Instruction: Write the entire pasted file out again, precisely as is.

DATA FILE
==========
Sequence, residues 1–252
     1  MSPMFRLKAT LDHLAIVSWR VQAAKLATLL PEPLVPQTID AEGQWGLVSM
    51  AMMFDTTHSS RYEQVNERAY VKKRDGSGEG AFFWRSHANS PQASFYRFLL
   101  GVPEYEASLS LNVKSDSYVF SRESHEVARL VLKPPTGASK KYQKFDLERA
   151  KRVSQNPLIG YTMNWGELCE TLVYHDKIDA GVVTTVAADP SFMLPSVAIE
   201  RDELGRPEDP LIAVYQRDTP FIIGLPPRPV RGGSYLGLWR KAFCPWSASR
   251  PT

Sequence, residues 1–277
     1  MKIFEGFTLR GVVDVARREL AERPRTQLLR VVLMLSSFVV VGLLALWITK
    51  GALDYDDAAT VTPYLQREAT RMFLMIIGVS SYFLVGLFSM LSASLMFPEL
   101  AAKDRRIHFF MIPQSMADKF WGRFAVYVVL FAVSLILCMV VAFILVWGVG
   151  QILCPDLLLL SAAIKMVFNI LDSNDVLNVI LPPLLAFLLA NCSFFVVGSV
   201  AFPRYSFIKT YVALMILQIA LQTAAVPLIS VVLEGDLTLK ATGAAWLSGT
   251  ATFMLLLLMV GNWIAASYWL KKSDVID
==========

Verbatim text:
Sequence, residues 1–252
     1  MSPMFRLKAT LDHLAIVSWR VQAAKLATLL PEPLVPQTID AEGQWGLVSM
    51  AMMFDTTHSS RYEQVNERAY VKKRDGSGEG AFFWRSHANS PQASFYRFLL
   101  GVPEYEASLS LNVKSDSYVF SRESHEVARL VLKPPTGASK KYQKFDLERA
   151  KRVSQNPLIG YTMNWGELCE TLVYHDKIDA GVVTTVAADP SFMLPSVAIE
   201  RDELGRPEDP LIAVYQRDTP FIIGLPPRPV RGGSYLGLWR KAFCPWSASR
   251  PT

Sequence, residues 1–277
     1  MKIFEGFTLR GVVDVARREL AERPRTQLLR VVLMLSSFVV VGLLALWITK
    51  GALDYDDAAT VTPYLQREAT RMFLMIIGVS SYFLVGLFSM LSASLMFPEL
   101  AAKDRRIHFF MIPQSMADKF WGRFAVYVVL FAVSLILCMV VAFILVWGVG
   151  QILCPDLLLL SAAIKMVFNI LDSNDVLNVI LPPLLAFLLA NCSFFVVGSV
   201  AFPRYSFIKT YVALMILQIA LQTAAVPLIS VVLEGDLTLK ATGAAWLSGT
   251  ATFMLLLLMV GNWIAASYWL KKSDVID